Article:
Ethics Complaint Filed Against Regnerus


Scott Rose has filed an ethics complaint against Mark Regnerus, the author of the highly dishonest “study” on gay parents, and written a letter to the University of Texas detailing the ethical and scientific problems with that study. You can read the full letter here. A sample:

2)  UTA Professor Mark D. Regnerus alleges that he carried out a study comparing a)young adult children of “intact biological families,” with b) young adult children raised by homosexual parents up to the 1990s. However, to find study subjects, Regnerus worked through the company Knowledge Networks, which has a limited list of potential survey respondents from the general public. Regnerus had prior knowledge that Knowledge Networks would not be able to connect him with an adequate sampling of young adult children of gay parents raised by those gay parents up to the 1990s. Regnerus additionally knew that companies other than Knowledge Networks exist, which companies, with far greater likelihood would have been able to find him the class of study subjects he purported to want to compare to young adult children raised by “intact biological families.” Regnerus fraudulently classed as a present-day young adult raised by a “gay” parent up until the 1990s, anybody from Knowledge Networks list who said that their parent had ever had a “romantic relationship” with a same-sex partner. In other words, a study subject’s parent could have had a one-night stand with a same-sex partner, and Regnerus would count that person as having been raised by a homosexual parent. Regnerus told Deciutus that he “assumed” that if the person knew of their parent’s same-sex “romantic relationship,” that it would have been “substantial.”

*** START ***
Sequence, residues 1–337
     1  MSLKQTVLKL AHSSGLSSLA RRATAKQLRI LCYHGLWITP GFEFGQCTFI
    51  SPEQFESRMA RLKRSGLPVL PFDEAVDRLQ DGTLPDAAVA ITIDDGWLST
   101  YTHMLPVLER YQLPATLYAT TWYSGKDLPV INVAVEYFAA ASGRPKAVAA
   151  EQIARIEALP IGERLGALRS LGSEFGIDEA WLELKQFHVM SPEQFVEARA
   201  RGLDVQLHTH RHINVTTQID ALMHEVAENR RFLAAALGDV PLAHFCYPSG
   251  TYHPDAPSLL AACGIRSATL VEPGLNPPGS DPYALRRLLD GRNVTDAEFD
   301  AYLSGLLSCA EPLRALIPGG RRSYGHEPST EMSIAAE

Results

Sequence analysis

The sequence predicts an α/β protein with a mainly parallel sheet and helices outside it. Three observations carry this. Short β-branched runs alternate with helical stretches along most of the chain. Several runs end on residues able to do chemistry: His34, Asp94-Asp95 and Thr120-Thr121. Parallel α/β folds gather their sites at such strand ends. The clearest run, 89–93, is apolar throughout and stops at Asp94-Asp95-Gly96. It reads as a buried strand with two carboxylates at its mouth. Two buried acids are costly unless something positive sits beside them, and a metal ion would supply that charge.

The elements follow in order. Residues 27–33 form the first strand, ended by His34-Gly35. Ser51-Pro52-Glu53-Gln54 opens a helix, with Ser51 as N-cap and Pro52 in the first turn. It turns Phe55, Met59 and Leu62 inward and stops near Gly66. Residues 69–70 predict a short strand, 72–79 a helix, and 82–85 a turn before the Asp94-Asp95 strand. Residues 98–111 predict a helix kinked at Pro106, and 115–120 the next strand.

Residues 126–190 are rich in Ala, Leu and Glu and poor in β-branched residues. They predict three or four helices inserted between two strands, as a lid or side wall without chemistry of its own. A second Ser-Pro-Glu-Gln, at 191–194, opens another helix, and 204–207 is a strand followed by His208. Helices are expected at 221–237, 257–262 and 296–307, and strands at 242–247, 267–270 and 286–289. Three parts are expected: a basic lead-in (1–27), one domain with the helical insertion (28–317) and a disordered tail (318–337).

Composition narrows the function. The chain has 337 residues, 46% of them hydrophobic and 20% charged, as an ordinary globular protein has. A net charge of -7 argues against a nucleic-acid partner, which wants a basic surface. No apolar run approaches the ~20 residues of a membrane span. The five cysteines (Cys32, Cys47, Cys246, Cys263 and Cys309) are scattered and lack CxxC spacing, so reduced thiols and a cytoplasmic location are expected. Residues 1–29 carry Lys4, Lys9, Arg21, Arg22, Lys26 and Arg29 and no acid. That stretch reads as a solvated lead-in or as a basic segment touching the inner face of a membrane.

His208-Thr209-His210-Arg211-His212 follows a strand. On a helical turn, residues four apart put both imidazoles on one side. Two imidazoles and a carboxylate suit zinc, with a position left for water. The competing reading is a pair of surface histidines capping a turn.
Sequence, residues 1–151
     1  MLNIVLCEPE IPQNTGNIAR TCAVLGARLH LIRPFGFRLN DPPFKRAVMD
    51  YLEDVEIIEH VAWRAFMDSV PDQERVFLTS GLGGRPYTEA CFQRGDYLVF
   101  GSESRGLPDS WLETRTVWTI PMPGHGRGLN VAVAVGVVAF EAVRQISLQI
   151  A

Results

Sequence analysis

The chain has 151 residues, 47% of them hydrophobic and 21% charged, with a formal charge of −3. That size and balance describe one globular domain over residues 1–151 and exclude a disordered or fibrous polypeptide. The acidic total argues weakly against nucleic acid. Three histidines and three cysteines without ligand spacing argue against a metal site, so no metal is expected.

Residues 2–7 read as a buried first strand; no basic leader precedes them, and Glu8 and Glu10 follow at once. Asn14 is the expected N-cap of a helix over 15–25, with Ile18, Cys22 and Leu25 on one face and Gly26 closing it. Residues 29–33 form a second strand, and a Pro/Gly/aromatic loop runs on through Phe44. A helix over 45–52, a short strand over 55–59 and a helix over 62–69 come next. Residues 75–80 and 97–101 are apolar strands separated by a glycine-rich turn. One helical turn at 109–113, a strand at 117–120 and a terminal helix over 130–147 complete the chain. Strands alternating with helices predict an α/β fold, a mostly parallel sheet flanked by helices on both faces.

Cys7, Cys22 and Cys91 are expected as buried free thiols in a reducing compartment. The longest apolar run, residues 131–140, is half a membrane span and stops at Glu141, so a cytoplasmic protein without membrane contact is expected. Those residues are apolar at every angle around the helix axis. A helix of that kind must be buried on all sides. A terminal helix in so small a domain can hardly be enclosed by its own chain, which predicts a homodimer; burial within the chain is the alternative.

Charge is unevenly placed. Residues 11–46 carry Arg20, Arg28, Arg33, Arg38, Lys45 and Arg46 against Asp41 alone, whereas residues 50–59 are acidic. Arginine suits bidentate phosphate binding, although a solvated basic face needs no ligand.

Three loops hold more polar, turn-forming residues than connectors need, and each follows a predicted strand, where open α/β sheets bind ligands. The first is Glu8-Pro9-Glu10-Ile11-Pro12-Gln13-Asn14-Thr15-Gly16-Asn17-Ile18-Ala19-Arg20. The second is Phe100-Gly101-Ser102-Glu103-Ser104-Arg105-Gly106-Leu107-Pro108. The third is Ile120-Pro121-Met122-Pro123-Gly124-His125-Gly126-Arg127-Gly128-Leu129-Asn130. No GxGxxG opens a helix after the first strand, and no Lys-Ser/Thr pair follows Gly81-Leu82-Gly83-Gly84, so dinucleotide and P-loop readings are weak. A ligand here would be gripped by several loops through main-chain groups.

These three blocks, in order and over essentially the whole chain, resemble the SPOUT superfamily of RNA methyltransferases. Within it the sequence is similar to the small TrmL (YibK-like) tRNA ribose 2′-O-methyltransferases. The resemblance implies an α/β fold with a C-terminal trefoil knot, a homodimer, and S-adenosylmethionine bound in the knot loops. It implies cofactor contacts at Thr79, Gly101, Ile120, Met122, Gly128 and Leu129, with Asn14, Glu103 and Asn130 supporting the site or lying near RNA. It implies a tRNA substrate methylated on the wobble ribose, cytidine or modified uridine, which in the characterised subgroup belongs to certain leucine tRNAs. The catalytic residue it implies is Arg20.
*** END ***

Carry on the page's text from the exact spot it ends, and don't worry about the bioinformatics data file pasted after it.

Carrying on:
Is that how scientists work, by “assuming” and not verifying?  Please note that one of Regnerus’s study conclusions is that family stability is good for children. That was hardly news. Yet, Regnerus set up his screening questionnaire, such that those people he surveyed and counted as having been raised by a gay parent, were virtually certain to have experienced family instability, as they knew of a parent having a same-sex affair…